Interesting, Esoteric and Notable Words of the Slate Podcast Literati

I confess: I am an avid listener of various Slate magazine podcasts, mainly the Slate Political Gabfest, Slate’s Culture Gabfest, and Slate’s Spoiler Specials. The hosts often use words that I find notable or interesting. I formerly called this feature “Pretentious Terms of the Slate Podcast Literati.” But after debate and reflection, I am changing it to the more ungainly and accurate, but less insulting and offensive, “Interesting and Notable Words and Phrases.” These are words and turns of phrase I find interesting, or delicious, or perhaps a bit too fancy or strained or, yes, in some cases, maybe pretentious, or even misused. But usually just interesting and notable. (Or as Metcalf called them on a recent episode, “SAT words.”)

[See also my list of Annoying & Pretentious Terms; and Frequently Mispronounced Fancy Words]

  • alternadad [SM, CG05-19-10]
  • anodyne [EB, PG7-17-09; DP, PG10-30-09; JT, CG11-17-09; DP, PG01-07-11]
  • annus horribilis [CG#40]
  • antipatica [JuneT, CG10-19-11]
  • arrogate [PG10-9-09]
  • arrivistes [SM, CG11-4-09]
  • at university” [JT, CG04-21-10]
  • au courant [JT, CG03-31-10]
  • august (adj.) [JT, CG04-28-10; DS, CG10-19-11]
  • auteur [JuneT, CG10-19-11]
  • avant la lettre [SM, CG0-12-10]
  • avidity [DS, CG04-14-10]
  • baleful [SM, CG04-21-10]
  • banal [PG8-27-09]
  • biopic [JT, CG10-05-11]
  • bookend [PG10-30-09]
  • bourgeois [JuneT, CG10-19-11]
  • bowdlerized [JT, CG06-16-10]
  • callipygian [CG04-28-10]
  • carapace (SM, CG11-17-09)
  • chanteuse [CG#40]
  • congeries [SM, CG10-19-11]
  • contrapuntal [JT, CG11-10-09]
  • cowl [SM, CG04-21-10; SM, CG05-19-10]
  • curated [DS, CG05-05-10]
  • déclassé [SM, CG11-4-09]
  • denatured [DS, CG01-20-10]
  • desuetude [SM, CG03-30-11] (mispronounced)
  • detritus [DS, CG05-19-10]
  • diacritic [DS, CG10-05-11]
  • dint [DS, CG05-19-10]
  • efficacity [DS, CG01-27-10]
  • elegiac [CG05-05-10]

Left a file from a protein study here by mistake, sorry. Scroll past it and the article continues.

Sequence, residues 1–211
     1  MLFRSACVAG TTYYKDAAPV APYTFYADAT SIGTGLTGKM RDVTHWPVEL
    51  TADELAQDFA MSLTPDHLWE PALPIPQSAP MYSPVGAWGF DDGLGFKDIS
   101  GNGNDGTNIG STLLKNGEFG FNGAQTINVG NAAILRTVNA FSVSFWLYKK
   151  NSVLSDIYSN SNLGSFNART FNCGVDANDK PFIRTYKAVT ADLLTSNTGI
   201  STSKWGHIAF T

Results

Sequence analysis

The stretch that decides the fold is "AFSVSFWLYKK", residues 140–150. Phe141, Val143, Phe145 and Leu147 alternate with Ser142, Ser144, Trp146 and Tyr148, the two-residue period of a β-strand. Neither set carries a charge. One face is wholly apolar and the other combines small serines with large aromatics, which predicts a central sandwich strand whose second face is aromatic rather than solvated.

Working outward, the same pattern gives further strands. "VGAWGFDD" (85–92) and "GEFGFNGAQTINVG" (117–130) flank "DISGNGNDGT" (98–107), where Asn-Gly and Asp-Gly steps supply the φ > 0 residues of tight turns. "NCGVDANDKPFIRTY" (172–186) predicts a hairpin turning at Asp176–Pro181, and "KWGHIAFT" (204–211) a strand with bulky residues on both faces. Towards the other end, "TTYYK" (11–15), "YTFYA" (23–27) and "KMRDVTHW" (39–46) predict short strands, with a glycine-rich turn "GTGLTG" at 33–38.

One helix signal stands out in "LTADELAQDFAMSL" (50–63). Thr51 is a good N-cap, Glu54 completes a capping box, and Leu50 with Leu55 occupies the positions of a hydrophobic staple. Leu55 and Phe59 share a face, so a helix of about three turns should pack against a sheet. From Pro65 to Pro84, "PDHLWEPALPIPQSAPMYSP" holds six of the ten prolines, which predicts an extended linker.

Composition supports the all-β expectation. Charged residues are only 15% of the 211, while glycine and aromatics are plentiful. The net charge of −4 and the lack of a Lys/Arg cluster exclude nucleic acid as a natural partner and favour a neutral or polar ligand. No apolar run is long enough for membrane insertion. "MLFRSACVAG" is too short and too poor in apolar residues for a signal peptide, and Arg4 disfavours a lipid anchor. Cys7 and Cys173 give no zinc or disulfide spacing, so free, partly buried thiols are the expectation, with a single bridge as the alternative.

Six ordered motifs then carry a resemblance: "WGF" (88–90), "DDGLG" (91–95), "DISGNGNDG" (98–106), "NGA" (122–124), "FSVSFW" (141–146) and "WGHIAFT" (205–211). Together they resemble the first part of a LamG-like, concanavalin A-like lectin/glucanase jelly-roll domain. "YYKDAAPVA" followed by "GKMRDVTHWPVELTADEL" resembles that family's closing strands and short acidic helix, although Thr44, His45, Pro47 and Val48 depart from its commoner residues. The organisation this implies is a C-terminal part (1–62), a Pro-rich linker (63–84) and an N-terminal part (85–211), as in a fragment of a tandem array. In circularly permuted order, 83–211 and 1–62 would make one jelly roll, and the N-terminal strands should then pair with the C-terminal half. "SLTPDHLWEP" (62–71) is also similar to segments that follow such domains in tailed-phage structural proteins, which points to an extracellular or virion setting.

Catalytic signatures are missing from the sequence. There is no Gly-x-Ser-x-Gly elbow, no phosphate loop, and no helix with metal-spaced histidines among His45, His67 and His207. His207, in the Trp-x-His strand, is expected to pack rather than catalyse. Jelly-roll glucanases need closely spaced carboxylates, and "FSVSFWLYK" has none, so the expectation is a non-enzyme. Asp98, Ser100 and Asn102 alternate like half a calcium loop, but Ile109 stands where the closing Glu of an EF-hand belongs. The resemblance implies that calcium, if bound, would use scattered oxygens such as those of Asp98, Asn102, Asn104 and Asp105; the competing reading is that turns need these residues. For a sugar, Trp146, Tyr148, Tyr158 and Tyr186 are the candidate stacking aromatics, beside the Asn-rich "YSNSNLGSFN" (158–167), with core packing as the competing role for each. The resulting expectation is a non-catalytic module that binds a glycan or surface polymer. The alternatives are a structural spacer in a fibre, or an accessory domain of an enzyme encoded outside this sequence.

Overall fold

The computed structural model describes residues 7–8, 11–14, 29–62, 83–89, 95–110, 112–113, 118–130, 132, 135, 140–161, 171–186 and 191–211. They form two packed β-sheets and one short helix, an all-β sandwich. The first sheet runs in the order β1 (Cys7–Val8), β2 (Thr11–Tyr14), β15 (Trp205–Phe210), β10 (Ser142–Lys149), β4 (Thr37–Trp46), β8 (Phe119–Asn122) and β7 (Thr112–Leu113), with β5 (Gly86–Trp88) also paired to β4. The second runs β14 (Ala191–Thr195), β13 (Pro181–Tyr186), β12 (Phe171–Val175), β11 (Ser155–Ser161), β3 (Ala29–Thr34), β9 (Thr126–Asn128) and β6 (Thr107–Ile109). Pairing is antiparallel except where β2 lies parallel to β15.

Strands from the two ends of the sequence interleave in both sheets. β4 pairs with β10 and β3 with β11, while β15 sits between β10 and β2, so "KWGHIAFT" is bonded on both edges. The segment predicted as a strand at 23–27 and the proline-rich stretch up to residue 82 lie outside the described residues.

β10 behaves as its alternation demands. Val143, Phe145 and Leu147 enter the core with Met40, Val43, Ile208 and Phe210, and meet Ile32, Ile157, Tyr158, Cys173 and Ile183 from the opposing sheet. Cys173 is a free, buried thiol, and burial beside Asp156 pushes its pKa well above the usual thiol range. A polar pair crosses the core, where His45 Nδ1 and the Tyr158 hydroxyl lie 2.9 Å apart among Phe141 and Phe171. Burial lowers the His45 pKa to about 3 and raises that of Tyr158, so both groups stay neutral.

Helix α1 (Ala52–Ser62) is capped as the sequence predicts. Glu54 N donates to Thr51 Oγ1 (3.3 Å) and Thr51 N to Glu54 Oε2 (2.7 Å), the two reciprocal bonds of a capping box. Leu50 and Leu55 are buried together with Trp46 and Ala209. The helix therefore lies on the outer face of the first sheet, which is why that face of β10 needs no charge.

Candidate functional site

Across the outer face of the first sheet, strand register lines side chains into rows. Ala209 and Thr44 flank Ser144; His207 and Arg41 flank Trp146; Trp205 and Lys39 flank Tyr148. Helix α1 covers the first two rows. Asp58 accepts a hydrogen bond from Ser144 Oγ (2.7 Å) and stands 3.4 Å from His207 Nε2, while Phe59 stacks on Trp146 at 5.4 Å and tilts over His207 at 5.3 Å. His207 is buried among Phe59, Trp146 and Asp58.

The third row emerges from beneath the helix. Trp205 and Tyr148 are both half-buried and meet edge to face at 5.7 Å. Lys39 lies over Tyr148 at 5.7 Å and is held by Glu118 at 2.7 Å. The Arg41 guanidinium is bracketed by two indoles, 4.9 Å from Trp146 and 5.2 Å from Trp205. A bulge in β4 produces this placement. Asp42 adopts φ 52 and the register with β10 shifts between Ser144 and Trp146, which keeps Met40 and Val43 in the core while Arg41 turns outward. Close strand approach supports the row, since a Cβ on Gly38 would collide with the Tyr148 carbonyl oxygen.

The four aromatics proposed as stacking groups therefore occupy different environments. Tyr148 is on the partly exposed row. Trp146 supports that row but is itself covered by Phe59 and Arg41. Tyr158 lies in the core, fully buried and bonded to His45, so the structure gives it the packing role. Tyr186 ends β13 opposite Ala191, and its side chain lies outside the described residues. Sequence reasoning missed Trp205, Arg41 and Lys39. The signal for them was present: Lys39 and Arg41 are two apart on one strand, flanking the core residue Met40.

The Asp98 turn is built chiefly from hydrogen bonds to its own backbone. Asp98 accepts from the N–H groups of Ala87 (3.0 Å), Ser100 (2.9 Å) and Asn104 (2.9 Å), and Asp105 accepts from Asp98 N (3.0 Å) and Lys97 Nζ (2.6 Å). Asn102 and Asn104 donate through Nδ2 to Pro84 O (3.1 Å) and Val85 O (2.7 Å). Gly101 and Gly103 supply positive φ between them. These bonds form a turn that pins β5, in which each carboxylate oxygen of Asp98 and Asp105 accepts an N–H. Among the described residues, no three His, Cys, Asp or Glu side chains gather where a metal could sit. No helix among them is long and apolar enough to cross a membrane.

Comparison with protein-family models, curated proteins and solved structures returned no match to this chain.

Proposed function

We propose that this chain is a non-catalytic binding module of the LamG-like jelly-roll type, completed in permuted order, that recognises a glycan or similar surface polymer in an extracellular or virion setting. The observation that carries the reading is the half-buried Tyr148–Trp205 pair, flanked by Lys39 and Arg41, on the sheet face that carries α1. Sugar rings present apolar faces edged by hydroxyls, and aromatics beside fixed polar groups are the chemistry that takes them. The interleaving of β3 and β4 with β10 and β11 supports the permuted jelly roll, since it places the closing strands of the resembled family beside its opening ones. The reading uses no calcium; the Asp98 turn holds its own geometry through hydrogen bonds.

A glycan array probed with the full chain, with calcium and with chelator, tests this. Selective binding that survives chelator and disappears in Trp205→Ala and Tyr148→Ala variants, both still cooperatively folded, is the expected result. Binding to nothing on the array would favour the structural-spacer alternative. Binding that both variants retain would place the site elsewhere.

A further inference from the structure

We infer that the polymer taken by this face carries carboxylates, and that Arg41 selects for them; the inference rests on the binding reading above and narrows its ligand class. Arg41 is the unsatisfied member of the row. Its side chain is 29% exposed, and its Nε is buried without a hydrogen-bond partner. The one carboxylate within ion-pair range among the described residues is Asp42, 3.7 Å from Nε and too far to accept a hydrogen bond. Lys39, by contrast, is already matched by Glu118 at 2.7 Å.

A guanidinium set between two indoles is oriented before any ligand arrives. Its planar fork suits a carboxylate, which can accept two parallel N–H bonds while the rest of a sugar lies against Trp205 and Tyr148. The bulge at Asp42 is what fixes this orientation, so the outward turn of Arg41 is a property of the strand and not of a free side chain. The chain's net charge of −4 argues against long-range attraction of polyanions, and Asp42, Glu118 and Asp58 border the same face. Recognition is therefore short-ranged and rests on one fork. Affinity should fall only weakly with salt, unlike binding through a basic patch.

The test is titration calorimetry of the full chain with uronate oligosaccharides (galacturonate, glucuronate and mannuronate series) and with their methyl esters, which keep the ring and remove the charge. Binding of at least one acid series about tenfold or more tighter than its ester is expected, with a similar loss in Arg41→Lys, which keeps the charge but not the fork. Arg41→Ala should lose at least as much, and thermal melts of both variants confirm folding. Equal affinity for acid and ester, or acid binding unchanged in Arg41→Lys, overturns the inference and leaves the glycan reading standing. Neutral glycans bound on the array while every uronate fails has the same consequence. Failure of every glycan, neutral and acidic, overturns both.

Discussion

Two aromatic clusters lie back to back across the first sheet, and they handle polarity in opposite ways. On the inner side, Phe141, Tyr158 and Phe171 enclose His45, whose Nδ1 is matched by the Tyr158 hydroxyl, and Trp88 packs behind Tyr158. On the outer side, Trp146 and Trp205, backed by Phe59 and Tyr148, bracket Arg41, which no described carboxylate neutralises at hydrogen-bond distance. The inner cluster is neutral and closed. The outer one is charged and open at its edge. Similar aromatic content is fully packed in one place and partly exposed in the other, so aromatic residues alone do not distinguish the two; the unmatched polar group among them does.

• ennui [SM, JT, CG10-05-11]
  • épater les lesbiennes (June Thomas, CG01-20-10) 19:00
  • épater les bourgeousie [Jodi Rosen, CG04-14-10]
  • epigrammatic [JT, SM, CG10-14-09]
  • eponymous [Alice Tynan, guest from Australia, CG04-21-10]
  • extant [SM, CG10-19-11]
  • falstaff [SM, CG10-05-11]
  • frenetic [SM, CG0-12-10]
  • funereal [SM, CG05-19-10]
  • garret [DS, CG04-21-10]
  • gestalt [JR, CG04-14-10]
  • grog [SM, CG10-05-11]
  • frisson
  • gamine [DS, CG01-20-10]
  • garret [JT, CG06-16-10]
  • giant nougat of incivility [CG9-16-09, SM]
  • gonzo [CG#40-all 3 hosts]
  • haute bourgeois [Jodi Rosen, CG01-13-10]
  • hidebound [DS, CG04-21-10]
  • impresario [SM, CG04-14-10]
  • imprimatur [PG8-27-09, and Emily mispronounces it as im-PREE-muh-tyure--at 24:00]
  • inchoate [SM, CG04-14-10]
  • Indestructible omnibot of a pop tartlett (JT, CG11-17-09, referring to Lady GaGa)
  • insouciance (EB, XX11-19-09]
  • Janissary [SM, CG10-05-11]
  • je ne sais quoi [SM, CG0-12-10]
  • Johns Hopkins [SM, CG04-21-10]
  • joie de vivre [JT, CG05-19-10]
  • lacque (lack? black? — IKEA color/style) [JT, CG10-05-11]
  • lability [DS, CG11-4-09]
  • l’esprit de l’escalier [CG9-16-09, SM, a new one on me, I'll admit]
  • logrolling [JT, CG01-12-11]
  • louche [JT, CG10-05-11]
  • lugubrious [SM, DS, CG05-19-10]
  • malaise [pronounced "muh-lezz"] [CG04-14-10]
  • martinet [DS, CG11-4-09]
  • materiel [JD, PG10-9-09]
  • mettle [DS, CG10-05-11]
  • milquetoast [PG7-17-09, guest host Chris Beam]
  • milieu [JT, CG9-9-09]
  • mimetic fallacy [SM, CG05-19-10]
  • nascent [JR, CG04-14-10]
  • nettlesome [SM, CG03-31-10]
  • objet d’art (DS, CG01-06-10)
  • oeuvre [DS, CG9-9-09; other occasions]